Summer 2013 Slaparound: Uchoten Kazoku Week 2

Drew: Uchoten Kazoku might seem to some to be a far-out series. For me, it’s attacking fairly familiar territory, just doing it using tanuki stuck in frog-shaped polymorphs instead of humans in mundane lifestyles. I think it’s less artsy fare with a message and more much closer to a character-driven slice-of-life drama that happens to involve smooth, fancy animation. And I’m loving it so far. It’s obviously still got places to go and things to develop, but I think it’s a 7/10 if the two episodes that came out so far were a stand-alone ova series, which is pretty good in my book.

Sam: I think episode 2 was a lot of what I expected/wanted out of episode 1; more energy and even more creativity, if that second one was even possible. I really like the details and the little things; the way that the older brother gets around with the mechanical rickshaw, the tone that the mom uses in order to impress people at her pool hall, the way that the two uptight brothers both act smart and are dumb as rocks. All of these little things really make the show a lot of fun, and improve upon the main themes, which are fairly solid on their own, if not completely developed as of now. I think the next episode might improve it even more, and I await it eagerly.

Drew: You did mention last week that you were expecting more energy. As someone who liked the first episode immensely, I was also expecting it, but sort of worried in the back of my head as to whether there would be a trade-off and we’d lose some of that atmosphere. Did we? Nope. Turns out the scene transitions in this show are oh-so-flawless; I scarcely noticed that we had switched from a tiger swinging a lion around by its junk to a really serious “Oh no, mom’s missing!” plot. Making the flow feel natural is the most important part of a good slice-of-life, imo. I guess, I’m classifying it as a slice-of-life. Does it feel the same to you guys?

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Will: Honestly, I still don’t know what to think of this show. I’m liking it, but there’s something I still don’t quite get, and I’m not sure what it is. I’d call it a slice of life so far, but I really want to see where it goes. It’s nice-looking for sure, and I dig slice of life, but I still can’t wrap my head around it totally. I don’t know. this second episode I did enjoy more than the first, felt more cohesive, I couldn’t figure out what the first episode was trying to do or be.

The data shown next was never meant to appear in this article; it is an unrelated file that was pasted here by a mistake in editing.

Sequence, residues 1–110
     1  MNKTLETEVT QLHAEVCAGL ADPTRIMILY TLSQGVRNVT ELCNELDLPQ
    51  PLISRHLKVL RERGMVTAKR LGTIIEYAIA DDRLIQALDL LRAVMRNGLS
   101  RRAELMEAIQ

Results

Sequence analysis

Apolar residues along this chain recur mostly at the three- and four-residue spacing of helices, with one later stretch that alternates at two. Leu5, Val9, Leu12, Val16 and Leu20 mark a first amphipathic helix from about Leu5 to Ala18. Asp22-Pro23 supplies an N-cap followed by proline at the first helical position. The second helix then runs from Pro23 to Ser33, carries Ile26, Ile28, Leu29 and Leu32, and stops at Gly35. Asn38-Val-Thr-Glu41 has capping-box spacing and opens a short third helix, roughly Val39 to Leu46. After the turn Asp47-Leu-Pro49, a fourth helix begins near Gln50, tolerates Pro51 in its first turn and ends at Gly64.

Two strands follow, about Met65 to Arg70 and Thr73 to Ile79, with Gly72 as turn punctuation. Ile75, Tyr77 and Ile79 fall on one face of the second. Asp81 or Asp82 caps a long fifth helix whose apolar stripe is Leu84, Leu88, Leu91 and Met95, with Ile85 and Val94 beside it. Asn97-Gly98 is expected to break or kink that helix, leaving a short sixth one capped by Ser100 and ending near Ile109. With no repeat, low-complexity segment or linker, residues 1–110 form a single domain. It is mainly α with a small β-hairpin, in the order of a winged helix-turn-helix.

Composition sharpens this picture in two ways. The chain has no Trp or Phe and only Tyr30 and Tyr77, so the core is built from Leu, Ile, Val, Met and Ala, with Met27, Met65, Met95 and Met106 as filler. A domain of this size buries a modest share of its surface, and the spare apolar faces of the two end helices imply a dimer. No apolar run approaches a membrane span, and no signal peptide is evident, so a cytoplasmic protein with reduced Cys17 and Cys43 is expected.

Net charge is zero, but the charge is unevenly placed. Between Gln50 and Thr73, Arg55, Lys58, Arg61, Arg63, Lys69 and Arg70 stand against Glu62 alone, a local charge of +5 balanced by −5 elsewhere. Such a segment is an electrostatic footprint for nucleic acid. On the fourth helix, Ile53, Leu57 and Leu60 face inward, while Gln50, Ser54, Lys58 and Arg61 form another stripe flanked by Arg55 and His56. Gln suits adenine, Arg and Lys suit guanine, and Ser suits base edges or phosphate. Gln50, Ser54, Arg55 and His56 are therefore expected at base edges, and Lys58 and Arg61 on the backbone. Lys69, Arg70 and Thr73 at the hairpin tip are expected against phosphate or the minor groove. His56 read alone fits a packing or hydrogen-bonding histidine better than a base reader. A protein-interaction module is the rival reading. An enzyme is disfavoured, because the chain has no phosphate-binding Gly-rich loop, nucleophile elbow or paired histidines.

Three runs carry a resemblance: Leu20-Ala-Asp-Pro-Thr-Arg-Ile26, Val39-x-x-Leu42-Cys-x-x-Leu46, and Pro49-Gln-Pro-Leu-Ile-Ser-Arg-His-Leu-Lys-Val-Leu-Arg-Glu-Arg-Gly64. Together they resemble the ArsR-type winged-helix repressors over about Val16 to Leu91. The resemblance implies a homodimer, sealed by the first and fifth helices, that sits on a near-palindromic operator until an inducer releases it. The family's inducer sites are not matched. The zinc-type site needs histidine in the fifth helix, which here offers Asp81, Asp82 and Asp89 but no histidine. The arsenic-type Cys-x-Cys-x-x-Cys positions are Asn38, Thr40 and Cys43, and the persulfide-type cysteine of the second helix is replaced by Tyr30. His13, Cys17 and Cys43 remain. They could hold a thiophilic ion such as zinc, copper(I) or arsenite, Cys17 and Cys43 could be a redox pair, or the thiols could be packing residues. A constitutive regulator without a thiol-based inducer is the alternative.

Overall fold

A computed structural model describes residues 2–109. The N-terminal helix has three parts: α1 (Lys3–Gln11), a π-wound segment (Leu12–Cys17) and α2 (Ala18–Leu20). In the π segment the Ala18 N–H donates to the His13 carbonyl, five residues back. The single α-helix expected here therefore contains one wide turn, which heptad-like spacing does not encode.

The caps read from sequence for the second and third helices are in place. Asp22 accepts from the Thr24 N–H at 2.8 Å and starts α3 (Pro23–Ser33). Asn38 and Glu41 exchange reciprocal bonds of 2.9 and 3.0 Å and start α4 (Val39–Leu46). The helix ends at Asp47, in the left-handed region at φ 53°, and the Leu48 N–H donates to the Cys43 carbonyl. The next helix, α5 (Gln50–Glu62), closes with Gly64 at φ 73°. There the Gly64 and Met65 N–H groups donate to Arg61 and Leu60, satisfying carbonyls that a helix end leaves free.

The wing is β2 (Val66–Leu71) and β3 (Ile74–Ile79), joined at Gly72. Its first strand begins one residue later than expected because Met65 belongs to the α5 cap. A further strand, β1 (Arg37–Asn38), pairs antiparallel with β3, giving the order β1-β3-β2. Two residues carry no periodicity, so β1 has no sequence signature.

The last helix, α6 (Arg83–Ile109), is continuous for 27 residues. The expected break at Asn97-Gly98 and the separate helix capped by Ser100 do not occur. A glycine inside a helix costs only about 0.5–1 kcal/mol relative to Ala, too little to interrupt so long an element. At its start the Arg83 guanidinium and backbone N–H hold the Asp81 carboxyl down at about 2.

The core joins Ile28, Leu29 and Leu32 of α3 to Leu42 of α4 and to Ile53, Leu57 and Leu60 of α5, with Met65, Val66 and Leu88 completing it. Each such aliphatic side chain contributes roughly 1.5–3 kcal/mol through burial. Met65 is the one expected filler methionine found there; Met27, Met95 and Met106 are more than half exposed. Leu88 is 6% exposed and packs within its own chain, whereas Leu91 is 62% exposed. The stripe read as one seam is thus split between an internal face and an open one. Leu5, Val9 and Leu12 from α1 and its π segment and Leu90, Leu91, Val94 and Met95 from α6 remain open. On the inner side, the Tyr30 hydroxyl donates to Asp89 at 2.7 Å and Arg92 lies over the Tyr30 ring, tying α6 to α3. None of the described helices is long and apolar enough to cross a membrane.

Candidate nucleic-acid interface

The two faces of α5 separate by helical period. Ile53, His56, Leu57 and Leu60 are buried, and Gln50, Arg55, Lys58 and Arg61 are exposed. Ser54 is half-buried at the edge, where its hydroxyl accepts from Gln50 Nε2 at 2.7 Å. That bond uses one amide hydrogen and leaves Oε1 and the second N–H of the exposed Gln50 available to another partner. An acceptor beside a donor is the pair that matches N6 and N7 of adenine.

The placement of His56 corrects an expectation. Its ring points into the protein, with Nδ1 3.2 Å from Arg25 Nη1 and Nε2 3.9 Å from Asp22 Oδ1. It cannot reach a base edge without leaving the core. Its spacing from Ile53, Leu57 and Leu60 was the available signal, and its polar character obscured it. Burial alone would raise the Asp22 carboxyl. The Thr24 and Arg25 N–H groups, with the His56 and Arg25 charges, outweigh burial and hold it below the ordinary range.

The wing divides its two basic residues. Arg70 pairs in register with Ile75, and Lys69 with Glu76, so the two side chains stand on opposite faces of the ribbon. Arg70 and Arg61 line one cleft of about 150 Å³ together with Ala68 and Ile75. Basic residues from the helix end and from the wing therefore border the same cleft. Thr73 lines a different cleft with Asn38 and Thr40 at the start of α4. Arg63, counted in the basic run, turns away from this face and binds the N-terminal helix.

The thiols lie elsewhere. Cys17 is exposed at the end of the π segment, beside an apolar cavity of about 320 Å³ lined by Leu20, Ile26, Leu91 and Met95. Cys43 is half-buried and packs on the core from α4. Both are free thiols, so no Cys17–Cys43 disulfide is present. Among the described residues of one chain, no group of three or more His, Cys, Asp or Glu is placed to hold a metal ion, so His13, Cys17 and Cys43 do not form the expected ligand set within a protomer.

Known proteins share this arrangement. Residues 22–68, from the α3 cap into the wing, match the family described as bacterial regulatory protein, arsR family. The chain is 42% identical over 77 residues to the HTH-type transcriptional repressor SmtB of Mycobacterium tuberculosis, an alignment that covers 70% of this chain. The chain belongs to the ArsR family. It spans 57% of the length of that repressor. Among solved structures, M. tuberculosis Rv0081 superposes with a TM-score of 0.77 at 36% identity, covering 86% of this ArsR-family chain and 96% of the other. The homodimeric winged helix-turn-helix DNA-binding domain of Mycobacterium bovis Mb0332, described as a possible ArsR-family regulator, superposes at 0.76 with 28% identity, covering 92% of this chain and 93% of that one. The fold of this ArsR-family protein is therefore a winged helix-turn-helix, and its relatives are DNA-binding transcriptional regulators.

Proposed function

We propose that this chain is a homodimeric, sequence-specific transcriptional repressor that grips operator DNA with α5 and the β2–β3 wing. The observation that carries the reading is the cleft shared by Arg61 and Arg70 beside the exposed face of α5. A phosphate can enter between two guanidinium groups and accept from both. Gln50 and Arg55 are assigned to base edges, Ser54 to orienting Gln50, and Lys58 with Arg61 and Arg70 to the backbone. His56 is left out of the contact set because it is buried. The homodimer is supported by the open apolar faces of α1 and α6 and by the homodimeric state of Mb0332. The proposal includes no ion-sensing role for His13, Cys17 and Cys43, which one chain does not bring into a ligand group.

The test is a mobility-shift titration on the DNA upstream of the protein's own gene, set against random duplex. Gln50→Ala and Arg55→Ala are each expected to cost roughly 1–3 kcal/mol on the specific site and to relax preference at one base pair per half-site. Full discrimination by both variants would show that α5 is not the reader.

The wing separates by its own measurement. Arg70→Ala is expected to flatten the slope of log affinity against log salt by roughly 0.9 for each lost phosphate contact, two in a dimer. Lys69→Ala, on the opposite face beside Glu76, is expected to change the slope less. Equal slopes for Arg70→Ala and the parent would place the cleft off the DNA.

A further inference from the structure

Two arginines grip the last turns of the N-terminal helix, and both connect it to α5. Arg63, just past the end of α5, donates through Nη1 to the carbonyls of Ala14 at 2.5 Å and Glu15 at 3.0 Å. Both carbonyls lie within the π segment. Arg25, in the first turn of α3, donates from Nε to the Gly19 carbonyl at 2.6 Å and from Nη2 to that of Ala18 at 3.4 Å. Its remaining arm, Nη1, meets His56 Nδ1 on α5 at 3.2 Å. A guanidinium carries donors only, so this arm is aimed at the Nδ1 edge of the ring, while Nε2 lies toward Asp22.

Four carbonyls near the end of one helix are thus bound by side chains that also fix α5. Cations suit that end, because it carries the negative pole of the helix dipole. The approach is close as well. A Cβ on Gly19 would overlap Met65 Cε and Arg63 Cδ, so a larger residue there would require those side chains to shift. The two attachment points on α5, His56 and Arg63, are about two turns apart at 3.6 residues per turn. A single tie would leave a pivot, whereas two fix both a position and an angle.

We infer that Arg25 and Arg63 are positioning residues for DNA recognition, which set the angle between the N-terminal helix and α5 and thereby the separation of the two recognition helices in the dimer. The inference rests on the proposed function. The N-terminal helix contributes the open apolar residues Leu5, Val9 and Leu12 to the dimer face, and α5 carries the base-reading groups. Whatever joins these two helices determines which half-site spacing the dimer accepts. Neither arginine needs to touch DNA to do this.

Sam: I think it is in the genre of slice of life, though I’m not sure that that is what I would use to describe it. To me, slice of life is slower paced and more realistic, while this show so far is much more energetic and creative. It does show many similarities to slice of life though and i think it is actually a pretty good example of it; the way that the father’s death was addressed was really well done and got across a lot of emotional material well in only a few minutes. For a show about a family of tanukis running around in Kyoto, this show is actually pretty contemplative, as shown by the brother stuck as the frog and his acceptance of his fate. What did you guys think of the more contemplative aspects of the show so far?

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Drew: I just imagine all the conversations of that type as being between two 20-something guys drawn in pencil-sketch with stubbly beards outside the bookstore where they work as they sit on crates and take their smoking break. The intra-family dialogue is very, very down to earth, and the atmosphere fits it. I think it’s the core appeal of the show, with the zany tanuki politics aspect being a B-plot that could nonetheless carry a lesser show.

Will: It does conversation quite well. I guess my problems with the show are basically that I wish it were a different show; I want it to be more slow, contemplative, and atmospheric. I don’t know, I think I’m just disappointed that it isn’t Mushishi or Hidamari Sketch. The conversations are great, but I think this series still has more to show us. I just get that feeling, that it’s just been setting up so far. I’m really looking forward to it now, which i couldn’t say after the first episode.

Drew: I’ve pretty much said what I want to say about this episode, except for the fact that the fixed camera takes were handled in a deliciously tight way. It really showed up in the scene were the main character went to the well to meet his frog brother. I just love stuff like that.

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Sam: This show is still great and I think that it will get even better.

Drew: I think that about sums it up. Until next week!

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